has accumulated wealth which puts
her beyond the freaks or vicissi
tudes of fortune. But this failure
has hurt business greatly. So also
has the misdeal ot the Nevada bank
in getting its stock subscribed for.
Real estate south is unsaleable at
anything like former rates. City
propel ty hangs fire, and general
dullness prevails in business. The
wheat crop will be very short. The
scene of development at present is
Puget Sound Country and Eastern
SUPREME CQURT---IH CHAMBERS.
befori: rnr.sTON, j.
Fhiuav, June 1st.
Estate of Henry Cooper. God
frey Brown 1 enouncing his appoint
ment. The Court orders that letters
of administration be issued to Cecil
Brown under $2,000 bond. . Cecil
Brown for petitioner.
isr.roiti: dole, j.
Lucretia Aea vs. Hezekiah Aca,
taxation of costs.
The Court orders defendant to
pay costs in this matter taxed at
Sl'J.25 on or before Friday June 15,
1888, on pain of being adjudged
guilty of contempt of Court. J. L.
Kaulukou for plaintiff ; defendant in
inuoiii: judo, c. j.
Fiuiuy, Juno 1st.
Tho King vs. All Lin, violating
Defendant's appeal from Polico
Court, Honolulu. Over from yes
terday. Judgment of lower Court ($25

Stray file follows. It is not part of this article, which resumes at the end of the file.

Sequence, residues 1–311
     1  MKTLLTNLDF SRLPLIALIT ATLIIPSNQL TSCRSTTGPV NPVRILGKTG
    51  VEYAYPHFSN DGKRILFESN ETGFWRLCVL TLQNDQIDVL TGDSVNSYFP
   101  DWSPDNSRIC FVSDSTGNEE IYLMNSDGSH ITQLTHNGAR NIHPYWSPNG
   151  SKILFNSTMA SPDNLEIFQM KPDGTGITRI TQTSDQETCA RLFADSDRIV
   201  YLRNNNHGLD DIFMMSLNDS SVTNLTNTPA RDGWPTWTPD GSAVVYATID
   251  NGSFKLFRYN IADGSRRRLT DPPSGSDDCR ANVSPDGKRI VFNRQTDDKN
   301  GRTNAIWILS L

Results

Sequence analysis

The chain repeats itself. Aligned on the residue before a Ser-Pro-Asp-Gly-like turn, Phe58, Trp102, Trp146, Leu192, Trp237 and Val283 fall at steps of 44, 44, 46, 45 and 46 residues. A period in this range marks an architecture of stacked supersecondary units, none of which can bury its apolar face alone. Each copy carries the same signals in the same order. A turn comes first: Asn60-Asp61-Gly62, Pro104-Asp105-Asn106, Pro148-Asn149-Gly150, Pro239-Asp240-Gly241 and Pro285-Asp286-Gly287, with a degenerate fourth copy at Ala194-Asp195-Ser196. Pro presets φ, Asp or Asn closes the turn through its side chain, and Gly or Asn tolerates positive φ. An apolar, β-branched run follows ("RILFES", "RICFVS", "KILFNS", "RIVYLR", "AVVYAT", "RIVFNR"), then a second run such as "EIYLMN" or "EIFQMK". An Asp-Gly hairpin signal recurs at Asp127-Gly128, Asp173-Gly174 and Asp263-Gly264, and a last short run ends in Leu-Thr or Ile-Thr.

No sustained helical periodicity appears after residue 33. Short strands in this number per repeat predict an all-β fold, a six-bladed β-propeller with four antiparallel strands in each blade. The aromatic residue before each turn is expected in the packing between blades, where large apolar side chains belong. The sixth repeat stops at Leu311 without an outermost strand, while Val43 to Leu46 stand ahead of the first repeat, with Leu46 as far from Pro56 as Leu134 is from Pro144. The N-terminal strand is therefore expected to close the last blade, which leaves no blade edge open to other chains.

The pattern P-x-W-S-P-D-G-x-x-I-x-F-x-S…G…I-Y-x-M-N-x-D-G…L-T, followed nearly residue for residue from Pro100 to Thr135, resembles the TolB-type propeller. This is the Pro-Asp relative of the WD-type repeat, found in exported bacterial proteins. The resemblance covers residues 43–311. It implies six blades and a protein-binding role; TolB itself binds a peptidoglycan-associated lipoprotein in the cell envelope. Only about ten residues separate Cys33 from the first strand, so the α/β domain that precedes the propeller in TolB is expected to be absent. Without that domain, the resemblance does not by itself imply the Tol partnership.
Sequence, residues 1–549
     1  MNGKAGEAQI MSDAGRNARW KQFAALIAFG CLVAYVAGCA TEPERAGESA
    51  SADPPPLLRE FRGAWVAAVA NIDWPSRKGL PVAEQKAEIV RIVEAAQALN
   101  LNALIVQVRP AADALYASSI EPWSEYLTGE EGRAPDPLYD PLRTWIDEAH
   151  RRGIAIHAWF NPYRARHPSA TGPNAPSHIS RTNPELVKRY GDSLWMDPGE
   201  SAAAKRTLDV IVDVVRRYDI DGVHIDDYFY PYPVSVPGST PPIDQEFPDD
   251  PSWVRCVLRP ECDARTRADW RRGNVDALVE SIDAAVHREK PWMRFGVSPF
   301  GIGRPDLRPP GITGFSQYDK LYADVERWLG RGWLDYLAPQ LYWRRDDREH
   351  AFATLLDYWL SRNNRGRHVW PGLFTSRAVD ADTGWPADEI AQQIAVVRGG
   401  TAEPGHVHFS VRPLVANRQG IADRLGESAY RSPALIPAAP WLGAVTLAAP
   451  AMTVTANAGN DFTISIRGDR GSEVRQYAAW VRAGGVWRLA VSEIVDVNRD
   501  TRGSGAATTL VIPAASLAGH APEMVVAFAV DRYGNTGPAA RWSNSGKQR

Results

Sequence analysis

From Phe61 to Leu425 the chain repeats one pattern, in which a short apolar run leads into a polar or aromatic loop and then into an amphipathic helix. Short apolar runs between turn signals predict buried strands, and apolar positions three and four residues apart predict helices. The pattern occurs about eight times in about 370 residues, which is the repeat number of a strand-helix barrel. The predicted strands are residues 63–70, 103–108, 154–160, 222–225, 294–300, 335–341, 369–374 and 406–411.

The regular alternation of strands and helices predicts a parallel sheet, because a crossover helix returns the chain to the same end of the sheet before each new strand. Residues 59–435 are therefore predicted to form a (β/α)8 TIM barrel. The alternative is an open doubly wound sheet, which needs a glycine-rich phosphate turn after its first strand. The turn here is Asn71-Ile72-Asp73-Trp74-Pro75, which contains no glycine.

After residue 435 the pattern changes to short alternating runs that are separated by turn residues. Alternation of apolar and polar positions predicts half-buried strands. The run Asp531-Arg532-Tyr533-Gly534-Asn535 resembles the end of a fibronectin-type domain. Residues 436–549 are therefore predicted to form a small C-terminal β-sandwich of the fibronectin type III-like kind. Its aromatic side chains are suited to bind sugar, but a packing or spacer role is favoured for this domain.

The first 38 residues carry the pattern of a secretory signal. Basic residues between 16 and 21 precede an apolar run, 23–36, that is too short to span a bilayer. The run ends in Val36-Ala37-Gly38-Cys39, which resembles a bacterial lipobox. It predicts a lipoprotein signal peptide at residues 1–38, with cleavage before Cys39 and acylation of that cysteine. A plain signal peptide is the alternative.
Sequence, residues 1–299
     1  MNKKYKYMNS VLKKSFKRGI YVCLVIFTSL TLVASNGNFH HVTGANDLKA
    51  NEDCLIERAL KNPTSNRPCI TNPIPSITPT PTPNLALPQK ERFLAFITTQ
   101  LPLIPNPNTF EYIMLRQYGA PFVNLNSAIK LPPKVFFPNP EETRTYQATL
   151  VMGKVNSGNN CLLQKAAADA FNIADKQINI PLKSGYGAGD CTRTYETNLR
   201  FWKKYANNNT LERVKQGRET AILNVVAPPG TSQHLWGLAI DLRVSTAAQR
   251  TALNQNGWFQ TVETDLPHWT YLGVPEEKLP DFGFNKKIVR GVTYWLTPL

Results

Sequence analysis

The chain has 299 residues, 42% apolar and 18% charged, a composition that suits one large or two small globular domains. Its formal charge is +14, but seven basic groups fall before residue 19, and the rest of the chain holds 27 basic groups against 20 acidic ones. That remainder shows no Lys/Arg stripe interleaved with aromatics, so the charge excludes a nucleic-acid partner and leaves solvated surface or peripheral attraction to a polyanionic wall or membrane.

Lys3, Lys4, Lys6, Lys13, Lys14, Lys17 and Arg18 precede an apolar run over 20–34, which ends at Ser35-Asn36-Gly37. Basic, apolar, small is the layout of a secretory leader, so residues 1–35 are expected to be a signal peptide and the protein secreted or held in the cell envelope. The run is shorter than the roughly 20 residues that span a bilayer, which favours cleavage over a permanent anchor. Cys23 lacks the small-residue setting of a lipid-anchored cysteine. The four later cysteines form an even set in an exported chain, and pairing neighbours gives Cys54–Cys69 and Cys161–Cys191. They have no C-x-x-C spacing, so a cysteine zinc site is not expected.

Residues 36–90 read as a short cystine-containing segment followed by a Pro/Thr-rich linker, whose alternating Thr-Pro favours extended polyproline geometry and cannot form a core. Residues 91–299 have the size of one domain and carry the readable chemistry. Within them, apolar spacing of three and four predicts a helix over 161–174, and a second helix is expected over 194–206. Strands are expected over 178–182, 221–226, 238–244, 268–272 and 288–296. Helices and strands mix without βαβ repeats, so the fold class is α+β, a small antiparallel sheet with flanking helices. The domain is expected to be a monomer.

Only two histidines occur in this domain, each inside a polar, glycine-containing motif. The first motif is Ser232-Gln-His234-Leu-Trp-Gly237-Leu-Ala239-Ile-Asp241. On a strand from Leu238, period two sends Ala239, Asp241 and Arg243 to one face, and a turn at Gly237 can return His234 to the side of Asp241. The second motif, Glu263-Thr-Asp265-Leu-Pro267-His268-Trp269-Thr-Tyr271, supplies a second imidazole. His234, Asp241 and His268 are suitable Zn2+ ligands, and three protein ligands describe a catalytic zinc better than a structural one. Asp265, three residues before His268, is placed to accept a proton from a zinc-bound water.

fine and costs) confirmed. Deputy
Attorney-General A. 1'. Petcrsou for
tho Crown; Henry N. Castle for
The King vs. Kamokuiki, assault
Defendant's appeal from Polico
Court, Honolulu. Over from yes
terday. On motion of Prosecution con
tinued until June term day. Deputy
Attornoy-General A. P. Peterson for
the Crown j J. L. Kaulukou for de
fendant. Tho King' vs. AVo Weo Shing,
Defendant's appeal from Police
Court, Honolulu. Over from yes
terday. Nolle prosequi entered.
1 HUinH'im!"' WH'WU WUWUB.JIWIItMWWIMIillWWBBWaiJUILLHlMll.lLIUaiitlWt'JiLJilllJI'MmfcUtiiJIJAra
Deputy Attorney-General for the
Crown ; P. Neumann for defendant.
The King vs. Mis. Louisa Doerk
ing. keeping a dlsordei ly house.
Defendant's appeal "from Police
Court, Honolulu. Continued from
March 29, April 2G, and May 01,
Fin ther continued on account of
illness of defendant until Monday,
June 18, 1888. Deputy Attorney
General A. P. Pileison for the
Ciowiij Paul Neumann mid J. L.
Kau ukou for defendant.
Quotiii Choi vs. Leo Chun, as
Plaiulill's appeal from Police
Court, Honolulu. Continued fiom
March 29, April o and 2C, 1888.
Partly heard yesterday and con
tinued until to-day.
Heard and decision reserved. V.
V. Ashford for plaintiff ; A. b. Ilarl
wcll for defendant.
A' DROLL CHARACTER.
A great many good stories arc
told about II. C. Brokmeyer, form
erly Lieutenant-Governor of the
State of Missouri, who is a frequent
visitor in Washington. Governor
Brokmeyer comes hero in the inte
rest of pending legislation, his chief
business for a number of years hav
ing been the duty of looking after
various measures in Congress, or in
the Legislature of Missouri. Gov
ernor Brokmeyer is a tall, broad
shouldered man, whose complexion
and hair suggest the Indian type.
He used to preside over the sessions
of the Missouri Senate' in the most
informal manner, usuall with the
amber mouthpiece of a meerschaum
pipe between his lips. Some of the